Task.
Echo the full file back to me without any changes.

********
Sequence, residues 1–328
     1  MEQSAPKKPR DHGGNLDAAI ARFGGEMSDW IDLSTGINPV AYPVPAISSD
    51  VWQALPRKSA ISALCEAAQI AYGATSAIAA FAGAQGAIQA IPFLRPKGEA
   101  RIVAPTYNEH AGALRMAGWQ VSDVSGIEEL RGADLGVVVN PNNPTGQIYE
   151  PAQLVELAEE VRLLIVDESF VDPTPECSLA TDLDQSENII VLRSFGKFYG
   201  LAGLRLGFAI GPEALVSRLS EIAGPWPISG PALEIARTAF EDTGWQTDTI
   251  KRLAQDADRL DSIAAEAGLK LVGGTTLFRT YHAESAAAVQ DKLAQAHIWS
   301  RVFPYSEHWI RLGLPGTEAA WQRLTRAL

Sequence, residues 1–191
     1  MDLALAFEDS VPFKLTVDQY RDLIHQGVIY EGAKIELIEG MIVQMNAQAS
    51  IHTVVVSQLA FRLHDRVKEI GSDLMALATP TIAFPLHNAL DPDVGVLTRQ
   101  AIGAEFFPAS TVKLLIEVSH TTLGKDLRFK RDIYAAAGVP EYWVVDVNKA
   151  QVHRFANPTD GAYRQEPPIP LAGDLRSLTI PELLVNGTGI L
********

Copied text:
Sequence, residues 1–328
     1  MEQSAPKKPR DHGGNLDAAI ARFGGEMSDW IDLSTGINPV AYPVPAISSD
    51  VWQALPRKSA ISALCEAAQI AYGATSAIAA FAGAQGAIQA IPFLRPKGEA
   101  RIVAPTYNEH AGALRMAGWQ VSDVSGIEEL RGADLGVVVN PNNPTGQIYE
   151  PAQLVELAEE VRLLIVDESF VDPTPECSLA TDLDQSENII VLRSFGKFYG
   201  LAGLRLGFAI GPEALVSRLS EIAGPWPISG PALEIARTAF EDTGWQTDTI
   251  KRLAQDADRL DSIAAEAGLK LVGGTTLFRT YHAESAAAVQ DKLAQAHIWS
   301  RVFPYSEHWI RLGLPGTEAA WQRLTRAL

Sequence, residues 1–191
     1  MDLALAFEDS VPFKLTVDQY RDLIHQGVIY EGAKIELIEG MIVQMNAQAS
    51  IHTVVVSQLA FRLHDRVKEI GSDLMALATP TIAFPLHNAL DPDVGVLTRQ
   101  AIGAEFFPAS TVKLLIEVSH TTLGKDLRFK RDIYAAAGVP EYWVVDVNKA
   151  QVHRFANPTD GAYRQEPPIP LAGDLRSLTI PELLVNGTGI L